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EDITOR'S NOTES ON THE POEMS.
To The Daisy (page 1).-For date of composition see Author's Note I. Wordsworth, of whose metrical skill something yet remained to learn in 1802, at times moves awkwardly in the trammels of this unfamiliar measure. In stanzas ii. and iii., for instance, the metrical idea is harshly violated by the admission of a long pause at the close of the third line, from which the sense ought by right to run on without break into its pendant or 'overflow. In 1836 Wordsworth altered stanza ii., 11. 1-4, to :
* Thee Winter in the garland wears
That she may sun thee";
and recast stanza ii., II. 3-5, thus:
“Pleased at his greeting thee again;
Yet nothing daunted,
--thus avoiding the rude dislocation of the metrical scheme in the original version. The author of the Simpliciad, a rhymed satire upon the 'Lake School' published anonymously in 1808, derides the poet for addressing the daisy as an inspirer of devout feeling (stanza viï.). Although elsewhere (vol. ii., p. 158) Wordsworth could honestly say:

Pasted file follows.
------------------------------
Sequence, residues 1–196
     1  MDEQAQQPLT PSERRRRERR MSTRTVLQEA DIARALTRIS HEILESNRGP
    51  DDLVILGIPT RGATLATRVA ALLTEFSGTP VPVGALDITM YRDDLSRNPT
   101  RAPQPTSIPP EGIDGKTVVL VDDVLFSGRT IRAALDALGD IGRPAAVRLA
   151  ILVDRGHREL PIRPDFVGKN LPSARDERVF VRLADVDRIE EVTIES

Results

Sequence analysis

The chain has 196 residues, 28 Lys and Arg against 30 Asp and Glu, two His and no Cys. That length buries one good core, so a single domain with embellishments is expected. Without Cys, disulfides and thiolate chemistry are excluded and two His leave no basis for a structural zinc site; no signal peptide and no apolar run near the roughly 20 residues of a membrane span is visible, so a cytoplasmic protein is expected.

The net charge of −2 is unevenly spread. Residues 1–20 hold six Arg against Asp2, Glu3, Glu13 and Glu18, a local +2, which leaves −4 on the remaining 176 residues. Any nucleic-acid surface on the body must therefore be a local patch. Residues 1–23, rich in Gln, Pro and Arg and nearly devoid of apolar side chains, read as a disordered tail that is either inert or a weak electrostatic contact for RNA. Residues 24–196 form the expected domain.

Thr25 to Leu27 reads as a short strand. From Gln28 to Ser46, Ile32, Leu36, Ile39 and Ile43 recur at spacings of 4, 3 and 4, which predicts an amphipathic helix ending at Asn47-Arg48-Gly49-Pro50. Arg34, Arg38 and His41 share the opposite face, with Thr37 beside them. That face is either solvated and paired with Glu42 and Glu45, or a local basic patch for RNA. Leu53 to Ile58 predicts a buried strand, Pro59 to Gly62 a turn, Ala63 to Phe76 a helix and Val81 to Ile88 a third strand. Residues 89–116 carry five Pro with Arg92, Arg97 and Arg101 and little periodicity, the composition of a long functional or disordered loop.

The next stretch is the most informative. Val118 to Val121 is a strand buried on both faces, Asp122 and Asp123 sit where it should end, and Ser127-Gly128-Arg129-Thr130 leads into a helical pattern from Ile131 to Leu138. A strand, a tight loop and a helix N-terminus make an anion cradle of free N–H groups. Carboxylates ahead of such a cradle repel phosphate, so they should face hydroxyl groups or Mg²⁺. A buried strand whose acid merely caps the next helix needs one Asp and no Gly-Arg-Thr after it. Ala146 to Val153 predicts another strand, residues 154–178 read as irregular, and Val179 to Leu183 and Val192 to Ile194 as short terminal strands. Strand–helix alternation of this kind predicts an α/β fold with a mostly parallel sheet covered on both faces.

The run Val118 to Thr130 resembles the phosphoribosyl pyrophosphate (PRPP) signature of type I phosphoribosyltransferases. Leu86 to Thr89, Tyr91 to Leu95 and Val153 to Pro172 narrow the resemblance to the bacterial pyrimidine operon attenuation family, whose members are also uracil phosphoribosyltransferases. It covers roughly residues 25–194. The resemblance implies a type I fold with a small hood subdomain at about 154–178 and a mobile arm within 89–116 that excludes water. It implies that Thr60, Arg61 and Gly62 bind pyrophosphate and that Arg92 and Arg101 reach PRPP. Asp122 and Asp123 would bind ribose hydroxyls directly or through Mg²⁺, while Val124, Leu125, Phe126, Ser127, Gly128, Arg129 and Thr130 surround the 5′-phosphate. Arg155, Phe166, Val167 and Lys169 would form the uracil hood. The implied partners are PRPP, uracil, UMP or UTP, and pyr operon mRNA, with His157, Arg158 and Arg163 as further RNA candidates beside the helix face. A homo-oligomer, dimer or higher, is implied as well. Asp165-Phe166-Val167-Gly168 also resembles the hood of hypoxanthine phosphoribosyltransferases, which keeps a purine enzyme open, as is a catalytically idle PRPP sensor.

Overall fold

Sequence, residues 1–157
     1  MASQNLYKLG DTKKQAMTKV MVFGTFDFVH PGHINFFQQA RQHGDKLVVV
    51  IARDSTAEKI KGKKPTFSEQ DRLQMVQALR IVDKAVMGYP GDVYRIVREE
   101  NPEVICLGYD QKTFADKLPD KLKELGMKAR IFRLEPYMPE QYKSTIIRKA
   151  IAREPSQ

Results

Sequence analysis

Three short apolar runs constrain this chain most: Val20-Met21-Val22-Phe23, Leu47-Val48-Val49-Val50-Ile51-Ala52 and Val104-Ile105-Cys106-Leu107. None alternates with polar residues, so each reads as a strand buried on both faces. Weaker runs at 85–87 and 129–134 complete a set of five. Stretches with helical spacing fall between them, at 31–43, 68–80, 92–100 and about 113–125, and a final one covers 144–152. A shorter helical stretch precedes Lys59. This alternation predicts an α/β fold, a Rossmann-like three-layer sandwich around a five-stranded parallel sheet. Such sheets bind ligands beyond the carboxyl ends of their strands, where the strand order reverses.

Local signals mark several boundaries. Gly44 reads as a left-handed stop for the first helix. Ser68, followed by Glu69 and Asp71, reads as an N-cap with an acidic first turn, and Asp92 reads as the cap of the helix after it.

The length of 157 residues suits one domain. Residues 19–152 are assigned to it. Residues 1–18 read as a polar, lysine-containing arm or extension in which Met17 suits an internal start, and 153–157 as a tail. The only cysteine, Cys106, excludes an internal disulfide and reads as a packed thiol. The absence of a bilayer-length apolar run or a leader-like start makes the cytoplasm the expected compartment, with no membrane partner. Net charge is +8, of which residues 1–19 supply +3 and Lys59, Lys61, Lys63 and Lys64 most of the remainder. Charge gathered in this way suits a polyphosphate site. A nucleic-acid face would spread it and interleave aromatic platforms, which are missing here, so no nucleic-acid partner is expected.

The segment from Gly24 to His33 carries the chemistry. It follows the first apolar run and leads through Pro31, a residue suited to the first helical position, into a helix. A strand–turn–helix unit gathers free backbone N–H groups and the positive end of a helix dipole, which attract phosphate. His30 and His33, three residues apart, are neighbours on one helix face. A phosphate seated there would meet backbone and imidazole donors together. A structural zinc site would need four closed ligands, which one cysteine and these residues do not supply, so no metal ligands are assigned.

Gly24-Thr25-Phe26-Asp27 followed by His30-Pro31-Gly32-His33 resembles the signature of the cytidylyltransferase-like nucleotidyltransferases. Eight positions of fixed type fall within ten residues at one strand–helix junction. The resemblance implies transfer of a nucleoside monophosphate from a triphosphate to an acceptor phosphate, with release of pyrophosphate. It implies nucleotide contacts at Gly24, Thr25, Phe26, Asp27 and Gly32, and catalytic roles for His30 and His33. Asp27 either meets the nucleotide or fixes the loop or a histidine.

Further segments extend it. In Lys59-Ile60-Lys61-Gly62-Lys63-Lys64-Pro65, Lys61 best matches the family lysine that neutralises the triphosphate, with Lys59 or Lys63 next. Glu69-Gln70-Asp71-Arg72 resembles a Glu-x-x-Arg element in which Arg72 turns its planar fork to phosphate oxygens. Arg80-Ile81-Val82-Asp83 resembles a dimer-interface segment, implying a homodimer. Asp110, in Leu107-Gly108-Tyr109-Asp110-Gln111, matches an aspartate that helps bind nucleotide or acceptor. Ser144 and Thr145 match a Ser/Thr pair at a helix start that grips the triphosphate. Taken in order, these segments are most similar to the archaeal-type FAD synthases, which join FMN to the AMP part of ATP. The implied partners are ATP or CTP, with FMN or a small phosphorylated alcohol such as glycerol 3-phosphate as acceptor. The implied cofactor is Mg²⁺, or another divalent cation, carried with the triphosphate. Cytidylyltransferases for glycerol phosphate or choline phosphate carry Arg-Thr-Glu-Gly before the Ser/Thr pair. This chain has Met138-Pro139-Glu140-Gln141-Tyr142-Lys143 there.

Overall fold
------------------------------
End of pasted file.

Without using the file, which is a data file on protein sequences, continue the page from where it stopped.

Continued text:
“ To me the meanest flower that blows can give Thoughts that do often lie too deep for tears"
-yet he probably recognized the incongruity of introducing devotional sentiment into a mere play
of fancy such as the present poem, for in 1815 he rewrote ll. 4-8 of stanza viji. as follows:
“With kindred gladness :
Of careful sadness."
In 1836, stanza x., 11. 2-4, became
“ Thy pleasant course,—when day's begun
As lark or leveret,”
-an unhappy change, involving the loss of the striking phrase, “ bold lover of the sun" (1. 2).
Louisa (page 7).—Of this poem Wordsworth says that it was composed “at the same time and on the same view" as the verses beginning : “Dear Child of Nature ! let them rail” (vol. ii., p. 82). These first appeared in the Morning Post, Feb. 12, 1802, where they are headed : To a beautiful Young Lady, who had been harshly spoken of on account of her fondness for taking long walks in the Country.